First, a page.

The Placer Performance Calendar


Great Local Shows - Theatrical Reviews

Title James and the Giant Peach
Organization Sutter Street Theatre
Date(s) of show January 24 - February 15, 2015
Reviewer Gerry Camp

Here’s what happens in Roald Dahl’s book James and the Giant Peach (at Sutter Street Theatre now in a dramatization by Richard R. George): Four-year-old James Trotter has his parents eaten by an escaped rhinoceros. He goes to live with two vicious aunts who treat him as a slave and refer to him as “maggot” and “filthy little beast.” He meets a strange man who gives him magic crocodile tongues. James accidentally drops the magic tongues near a peach tree and they cause a peach and the insects living inside to grow large.

James moves into the giant peach with the insects, who are now his size. They break the peach loose and it squashes the aunts before falling into the ocean. It is attacked by sharks but, using the blind earthworm as bait, James and friends use spider webs and silk from the Silkworm to attach the peach to a flock of seagulls. The flock evades a tribe of attacking “cloud men” who control the weather.. The peach’s threads are cut by a passing airplane and the peach finally comes to rest in New York City. James is honored in a parade and his insect friends find interesting futures in the human world.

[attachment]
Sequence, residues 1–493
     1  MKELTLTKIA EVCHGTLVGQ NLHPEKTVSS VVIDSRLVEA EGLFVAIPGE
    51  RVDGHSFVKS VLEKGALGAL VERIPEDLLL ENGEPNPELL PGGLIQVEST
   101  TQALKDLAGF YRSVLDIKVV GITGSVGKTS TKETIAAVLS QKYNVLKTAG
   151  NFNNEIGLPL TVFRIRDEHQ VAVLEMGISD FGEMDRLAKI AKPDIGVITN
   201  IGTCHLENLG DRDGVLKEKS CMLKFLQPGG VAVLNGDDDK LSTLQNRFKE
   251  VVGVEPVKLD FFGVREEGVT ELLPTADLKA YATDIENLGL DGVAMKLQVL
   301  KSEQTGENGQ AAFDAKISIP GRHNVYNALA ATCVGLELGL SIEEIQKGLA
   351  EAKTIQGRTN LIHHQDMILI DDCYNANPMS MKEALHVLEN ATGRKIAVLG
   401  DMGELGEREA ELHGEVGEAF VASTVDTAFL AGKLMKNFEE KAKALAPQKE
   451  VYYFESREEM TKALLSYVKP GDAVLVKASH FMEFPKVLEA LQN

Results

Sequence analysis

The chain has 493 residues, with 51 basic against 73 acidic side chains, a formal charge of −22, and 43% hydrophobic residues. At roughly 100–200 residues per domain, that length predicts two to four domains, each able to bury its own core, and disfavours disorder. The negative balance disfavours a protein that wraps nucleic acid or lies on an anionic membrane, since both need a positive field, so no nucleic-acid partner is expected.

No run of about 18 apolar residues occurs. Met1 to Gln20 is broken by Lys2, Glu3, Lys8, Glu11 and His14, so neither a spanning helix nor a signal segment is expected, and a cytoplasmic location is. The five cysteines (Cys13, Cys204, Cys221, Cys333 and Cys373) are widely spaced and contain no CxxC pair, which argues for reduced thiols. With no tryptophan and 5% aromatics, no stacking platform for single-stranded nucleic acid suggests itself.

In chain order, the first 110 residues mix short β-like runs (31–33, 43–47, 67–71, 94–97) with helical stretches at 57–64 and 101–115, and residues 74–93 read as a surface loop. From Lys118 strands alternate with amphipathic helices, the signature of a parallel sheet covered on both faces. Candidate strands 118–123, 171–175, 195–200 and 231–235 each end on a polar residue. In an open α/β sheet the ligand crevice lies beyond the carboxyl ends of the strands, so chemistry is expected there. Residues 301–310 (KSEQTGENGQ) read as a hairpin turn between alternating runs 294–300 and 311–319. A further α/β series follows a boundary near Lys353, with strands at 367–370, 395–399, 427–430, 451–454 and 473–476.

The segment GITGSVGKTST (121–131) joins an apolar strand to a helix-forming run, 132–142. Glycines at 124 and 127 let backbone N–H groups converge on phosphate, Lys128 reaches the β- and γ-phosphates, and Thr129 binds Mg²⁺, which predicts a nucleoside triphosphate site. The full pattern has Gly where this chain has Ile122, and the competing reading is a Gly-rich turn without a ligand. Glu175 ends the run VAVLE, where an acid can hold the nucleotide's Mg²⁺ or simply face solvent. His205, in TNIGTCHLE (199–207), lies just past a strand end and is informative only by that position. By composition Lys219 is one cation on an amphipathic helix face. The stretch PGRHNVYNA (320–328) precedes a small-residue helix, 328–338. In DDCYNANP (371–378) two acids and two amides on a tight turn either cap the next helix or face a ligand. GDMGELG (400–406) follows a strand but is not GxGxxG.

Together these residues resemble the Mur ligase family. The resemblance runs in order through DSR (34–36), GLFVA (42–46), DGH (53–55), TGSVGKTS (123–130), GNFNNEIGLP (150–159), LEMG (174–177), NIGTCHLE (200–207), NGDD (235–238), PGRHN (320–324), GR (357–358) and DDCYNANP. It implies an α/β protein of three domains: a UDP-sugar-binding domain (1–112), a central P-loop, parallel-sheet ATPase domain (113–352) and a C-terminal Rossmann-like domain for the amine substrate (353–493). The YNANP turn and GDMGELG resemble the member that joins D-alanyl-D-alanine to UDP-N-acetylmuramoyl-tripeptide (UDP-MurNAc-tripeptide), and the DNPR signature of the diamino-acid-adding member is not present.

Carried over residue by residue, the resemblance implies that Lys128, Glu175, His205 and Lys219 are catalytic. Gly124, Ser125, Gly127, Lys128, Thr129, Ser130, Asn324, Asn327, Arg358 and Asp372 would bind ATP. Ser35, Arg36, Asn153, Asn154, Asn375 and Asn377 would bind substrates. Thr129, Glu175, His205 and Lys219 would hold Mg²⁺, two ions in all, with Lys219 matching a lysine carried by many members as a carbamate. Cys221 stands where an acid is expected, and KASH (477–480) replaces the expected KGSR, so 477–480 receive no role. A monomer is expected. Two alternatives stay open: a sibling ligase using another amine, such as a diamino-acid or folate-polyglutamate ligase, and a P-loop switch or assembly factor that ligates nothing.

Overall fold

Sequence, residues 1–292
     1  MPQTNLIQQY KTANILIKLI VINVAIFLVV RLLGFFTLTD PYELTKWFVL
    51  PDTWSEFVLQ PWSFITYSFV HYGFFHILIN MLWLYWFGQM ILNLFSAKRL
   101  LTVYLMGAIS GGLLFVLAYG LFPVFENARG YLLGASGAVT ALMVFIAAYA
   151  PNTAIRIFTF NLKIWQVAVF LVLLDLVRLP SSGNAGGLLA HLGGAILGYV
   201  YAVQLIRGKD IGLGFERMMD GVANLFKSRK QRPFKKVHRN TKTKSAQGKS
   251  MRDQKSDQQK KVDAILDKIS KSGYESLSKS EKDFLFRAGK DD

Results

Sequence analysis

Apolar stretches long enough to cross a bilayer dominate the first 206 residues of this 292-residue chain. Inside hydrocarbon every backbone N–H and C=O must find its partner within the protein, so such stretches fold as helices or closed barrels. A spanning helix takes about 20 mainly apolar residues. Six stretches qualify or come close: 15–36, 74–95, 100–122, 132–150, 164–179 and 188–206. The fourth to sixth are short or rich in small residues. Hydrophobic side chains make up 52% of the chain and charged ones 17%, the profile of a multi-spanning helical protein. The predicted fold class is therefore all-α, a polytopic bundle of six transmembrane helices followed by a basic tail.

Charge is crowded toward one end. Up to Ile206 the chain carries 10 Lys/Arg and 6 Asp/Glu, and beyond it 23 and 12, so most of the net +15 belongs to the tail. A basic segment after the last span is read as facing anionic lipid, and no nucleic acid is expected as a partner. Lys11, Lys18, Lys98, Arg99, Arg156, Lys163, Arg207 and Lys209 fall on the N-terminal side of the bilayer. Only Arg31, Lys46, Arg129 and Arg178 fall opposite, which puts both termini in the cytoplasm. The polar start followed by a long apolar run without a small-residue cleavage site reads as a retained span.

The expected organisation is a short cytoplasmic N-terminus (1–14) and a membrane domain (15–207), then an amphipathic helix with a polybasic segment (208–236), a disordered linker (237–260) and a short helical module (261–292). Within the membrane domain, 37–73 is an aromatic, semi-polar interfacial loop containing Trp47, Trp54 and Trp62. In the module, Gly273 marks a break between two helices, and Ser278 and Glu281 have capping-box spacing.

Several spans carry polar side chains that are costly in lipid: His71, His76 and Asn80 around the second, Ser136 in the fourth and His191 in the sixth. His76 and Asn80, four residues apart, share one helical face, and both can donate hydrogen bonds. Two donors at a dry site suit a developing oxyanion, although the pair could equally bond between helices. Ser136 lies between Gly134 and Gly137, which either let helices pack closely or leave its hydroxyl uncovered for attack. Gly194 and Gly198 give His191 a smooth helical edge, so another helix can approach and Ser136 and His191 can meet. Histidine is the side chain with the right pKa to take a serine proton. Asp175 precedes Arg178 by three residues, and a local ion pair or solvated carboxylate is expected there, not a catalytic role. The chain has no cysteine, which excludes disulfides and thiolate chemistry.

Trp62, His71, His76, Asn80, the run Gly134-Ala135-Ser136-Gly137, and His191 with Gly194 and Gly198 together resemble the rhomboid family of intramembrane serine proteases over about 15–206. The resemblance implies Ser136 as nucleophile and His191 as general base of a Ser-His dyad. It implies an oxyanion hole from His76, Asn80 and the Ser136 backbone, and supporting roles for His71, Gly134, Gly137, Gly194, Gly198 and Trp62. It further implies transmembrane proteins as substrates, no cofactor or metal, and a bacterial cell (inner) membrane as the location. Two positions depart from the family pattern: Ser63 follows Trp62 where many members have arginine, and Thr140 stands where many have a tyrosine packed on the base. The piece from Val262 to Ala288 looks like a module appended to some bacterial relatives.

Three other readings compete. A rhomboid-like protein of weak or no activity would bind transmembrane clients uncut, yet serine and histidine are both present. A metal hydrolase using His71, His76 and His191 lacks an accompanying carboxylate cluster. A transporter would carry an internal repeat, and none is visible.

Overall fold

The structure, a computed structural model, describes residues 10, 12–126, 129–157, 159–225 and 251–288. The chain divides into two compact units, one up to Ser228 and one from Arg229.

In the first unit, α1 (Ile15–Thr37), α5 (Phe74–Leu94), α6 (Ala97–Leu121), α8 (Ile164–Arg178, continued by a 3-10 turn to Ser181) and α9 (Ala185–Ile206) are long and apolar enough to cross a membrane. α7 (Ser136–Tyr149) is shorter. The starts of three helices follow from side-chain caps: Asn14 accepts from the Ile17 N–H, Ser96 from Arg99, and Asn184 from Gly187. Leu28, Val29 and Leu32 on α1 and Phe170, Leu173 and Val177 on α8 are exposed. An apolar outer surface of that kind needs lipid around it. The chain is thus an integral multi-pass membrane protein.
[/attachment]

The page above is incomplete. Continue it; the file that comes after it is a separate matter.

Do we see all this on the stage at Sutter Street Theatre? Well, no, but yes also. To actually present these scenes would require a Broadway stage, 50 stage hands, and a budget of a million dollars. Sutter Street, on its tiny stage and budget of, say $45 dollars, uses a single minimal set, cute insect costumes created by Eileen Beaver, and twelve wonderful child actors (and one adult) to create this fantastic story in the imaginations of the audience.

The play is presented as a story being told, and all children learn to create in their minds stories being read or told to them. The teller, in this version, is Hayley Fitzpatrick, who moves throughout the theater narrating. The actors mime the actions with dialogue on stage. Thirteen-year-old Cameron Wall is a charmingly innocent James. The insects are led by Brandon Hunter as Centipede, supported by Hannah Hurst as Old-Green-Grasshopper, Hugo Lemoine as Spider, Aurora Giacobbe as Glowworm, Marissa Stamas as the puppet Silkworm (and James’s father and a few other characters), and Mia Comstock as the cutest Ladybug you could imagine. Summer Allen nearly steals the show as the blind Earthworm. Several of the bugs play other small parts as well.  It is their acting, directed by Allen Schmeltz, that brings the story to life in the imaginations of the audience.

The cast is rounded out by Jennie Vaccaro and Andrea Davidson as the nastiest aunts imaginable, Hannah Vaccaro in several small parts after James’s Mother is devoured by the rhino, and Zoe Comstock in a few tiny parts. The lone adult in the cast, Kevin Judson, is effective as the Old Man who gives James the magic tongues, the terrified captain of the Queen Mary, which the giant peach flies over, and the New York Fire Chief, who marries the Ladybug, relieving her life-long worry that her house will catch fire and her children will burn.

Sutter Street Theatre has again shown that you don’t need a big stage and a huge budget to provide a delightful hour of entertainment. All you need is actors who can bring the story to life in the imaginations of the children (and we’re all children when we see this show) to whom the story is being read.

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